The third (and longest) loop road brought us by the Waimangu Volcanic Valley, a thermal zone that didn’t exist until the 1886 Mount Tarawera eruption rejiggered the whole magma-plumbing system in the region! We didn’t have the time (or the desire to pay the admission) to tour yet another volcanic zone, but we did stop in their cafe for some really good 2nd-breakfast pastries!

Finally we “had” to get on SH5 for a few miles, but the shoulder was decent so it wasn’t too bad. We still took the opportunity to branch off onto Broadlands Road though, a country road that would take us through an unusually flat (for New Zealand!) valley. It had no shoulders, and had somewhat more than the ideal (zero) amount of traffic, but was still preferable over SH5.

For a few miles, nearly every (widely-spaced) property had some sort of Christmas decoration at their entrance.
And most of the decorations were created from repurposed items. “Christmas in summer” is still weird.

We got drinks to go with lunch in the small crossroads of Reporoa, the only bit of retail in the 50 miles between Rotorua and Taupo. Taupo was hosting a half-Ironman today (Taupo is apparently home to the world’s 2nd-oldest full-Ironman, and next year’s half will be the world championship), and by luck I had stumbled upon that news last night, learning that our road into Taupo would be closed for the bike phase of the race. The city’s site said it would be closed until 1pm, and the Ironman site until 2pm, so we didn’t want to get to the closure point too early. But also the slowest riders would be done by 11:30am at the latest, so I figured even if we got there “early” they’d likely let us through. Well, we got to the closure point right around 1pm, and the only signs that a race had even taken place were the occasional energy-gel wrapper on road (oh, and a water bottle!) I had hoped that cars would still be slow to return, but no, they were already back in force, maybe even driving more aggressively and angry at “stupid cyclists” closing down their road at all.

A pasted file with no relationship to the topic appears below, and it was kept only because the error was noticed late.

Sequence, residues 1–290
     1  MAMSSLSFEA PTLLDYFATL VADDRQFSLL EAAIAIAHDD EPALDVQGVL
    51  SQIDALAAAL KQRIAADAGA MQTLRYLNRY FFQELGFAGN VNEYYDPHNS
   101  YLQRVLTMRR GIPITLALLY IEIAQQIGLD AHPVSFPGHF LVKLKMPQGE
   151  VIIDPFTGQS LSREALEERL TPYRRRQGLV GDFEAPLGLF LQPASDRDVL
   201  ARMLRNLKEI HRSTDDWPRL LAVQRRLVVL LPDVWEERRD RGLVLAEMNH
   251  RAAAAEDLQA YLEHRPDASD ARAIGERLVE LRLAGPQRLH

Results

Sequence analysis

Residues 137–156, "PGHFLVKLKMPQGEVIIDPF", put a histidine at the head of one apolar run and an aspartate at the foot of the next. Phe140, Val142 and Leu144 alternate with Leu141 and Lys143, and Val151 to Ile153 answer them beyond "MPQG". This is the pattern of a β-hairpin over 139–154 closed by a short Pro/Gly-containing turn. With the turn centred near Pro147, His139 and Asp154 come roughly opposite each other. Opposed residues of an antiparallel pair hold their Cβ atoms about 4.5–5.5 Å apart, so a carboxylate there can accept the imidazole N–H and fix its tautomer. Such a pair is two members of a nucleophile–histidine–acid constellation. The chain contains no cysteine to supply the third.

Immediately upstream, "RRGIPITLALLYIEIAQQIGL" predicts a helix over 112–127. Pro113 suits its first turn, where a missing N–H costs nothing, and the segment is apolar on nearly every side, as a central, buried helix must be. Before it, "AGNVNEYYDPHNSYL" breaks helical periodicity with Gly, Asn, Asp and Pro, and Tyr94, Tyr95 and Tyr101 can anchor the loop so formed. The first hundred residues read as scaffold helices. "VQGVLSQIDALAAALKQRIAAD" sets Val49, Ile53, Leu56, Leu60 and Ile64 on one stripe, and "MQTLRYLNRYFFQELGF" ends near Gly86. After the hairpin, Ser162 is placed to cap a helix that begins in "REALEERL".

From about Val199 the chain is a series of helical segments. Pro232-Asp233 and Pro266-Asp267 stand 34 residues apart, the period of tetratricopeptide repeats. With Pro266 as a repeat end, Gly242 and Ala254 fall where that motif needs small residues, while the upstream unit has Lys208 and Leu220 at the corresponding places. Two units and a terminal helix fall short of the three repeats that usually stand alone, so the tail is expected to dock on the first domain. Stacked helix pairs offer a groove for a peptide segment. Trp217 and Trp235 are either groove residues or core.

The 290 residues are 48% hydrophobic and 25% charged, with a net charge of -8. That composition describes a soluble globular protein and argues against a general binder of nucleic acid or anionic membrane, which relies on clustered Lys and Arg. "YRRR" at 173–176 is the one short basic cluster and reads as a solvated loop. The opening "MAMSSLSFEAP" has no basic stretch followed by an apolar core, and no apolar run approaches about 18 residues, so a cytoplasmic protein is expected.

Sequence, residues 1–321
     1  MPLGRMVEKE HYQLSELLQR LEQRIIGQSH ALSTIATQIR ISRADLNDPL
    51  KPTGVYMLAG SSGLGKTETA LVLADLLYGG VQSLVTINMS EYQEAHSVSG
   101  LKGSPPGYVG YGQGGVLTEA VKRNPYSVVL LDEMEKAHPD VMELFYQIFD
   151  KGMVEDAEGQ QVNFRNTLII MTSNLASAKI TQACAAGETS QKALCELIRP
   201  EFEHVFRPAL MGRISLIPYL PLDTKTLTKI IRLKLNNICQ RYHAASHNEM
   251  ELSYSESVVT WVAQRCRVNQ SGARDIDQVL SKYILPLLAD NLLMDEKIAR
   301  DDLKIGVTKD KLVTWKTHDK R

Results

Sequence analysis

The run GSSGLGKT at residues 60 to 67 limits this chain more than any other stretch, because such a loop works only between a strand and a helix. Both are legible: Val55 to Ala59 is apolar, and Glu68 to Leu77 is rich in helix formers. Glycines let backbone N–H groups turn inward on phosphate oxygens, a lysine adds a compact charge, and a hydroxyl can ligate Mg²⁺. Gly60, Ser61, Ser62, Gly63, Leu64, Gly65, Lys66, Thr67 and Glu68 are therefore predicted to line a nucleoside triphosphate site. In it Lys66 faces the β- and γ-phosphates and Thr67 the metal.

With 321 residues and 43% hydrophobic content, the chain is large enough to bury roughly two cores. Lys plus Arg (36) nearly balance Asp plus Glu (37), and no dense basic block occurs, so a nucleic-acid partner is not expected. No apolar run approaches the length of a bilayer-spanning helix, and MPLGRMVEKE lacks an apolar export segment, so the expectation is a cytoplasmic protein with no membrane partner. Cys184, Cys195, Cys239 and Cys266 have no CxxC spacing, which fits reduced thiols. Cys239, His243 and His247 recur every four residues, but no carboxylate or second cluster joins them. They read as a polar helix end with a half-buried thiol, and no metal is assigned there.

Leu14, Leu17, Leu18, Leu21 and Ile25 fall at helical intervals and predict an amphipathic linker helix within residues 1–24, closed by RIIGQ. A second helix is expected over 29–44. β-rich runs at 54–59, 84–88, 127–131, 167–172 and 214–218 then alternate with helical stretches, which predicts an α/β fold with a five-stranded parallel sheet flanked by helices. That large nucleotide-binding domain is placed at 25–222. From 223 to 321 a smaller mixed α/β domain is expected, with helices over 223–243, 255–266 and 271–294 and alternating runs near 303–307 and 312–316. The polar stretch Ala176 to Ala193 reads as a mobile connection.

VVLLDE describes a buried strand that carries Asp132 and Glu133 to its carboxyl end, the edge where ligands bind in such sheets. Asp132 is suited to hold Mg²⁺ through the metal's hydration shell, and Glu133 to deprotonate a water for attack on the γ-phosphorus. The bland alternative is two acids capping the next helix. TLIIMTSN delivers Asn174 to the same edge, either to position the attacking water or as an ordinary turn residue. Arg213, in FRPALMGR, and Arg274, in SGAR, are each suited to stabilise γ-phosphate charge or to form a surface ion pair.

The typical small-town “grocery”/convenience store in New Zealand.
I’m not entirely sure what this sculpture is trying to convey, but, we used the public toilet!
New Zealand has nuclear power?! No, it’s a cooling tower for a geothermal power plant! With all this hot ground around here, it sure makes sense to use it as a utility-scale power source. The plume to the left was a (presumably smaller) geothermal well for some business (a kiln maybe?) And we could see other puffs of steam in the area. So I wonder if the utility noticed the older, small-scale harnessing of the Earth’s heat, and said “hey, this must be a good spot for a plant”?
Three tops for Mount Tauhara!

Rett’s energy flagged and she struggled through the last last 10 miles, which is not terribly surprising on a nearly-five-hour ride, and I should have done a better job of noting how hilly the residential streets of Taupo are! But we made it to our basement-of-their-house AirBNB, Rett got a soak in their giant tub, and we crashed out after dinner.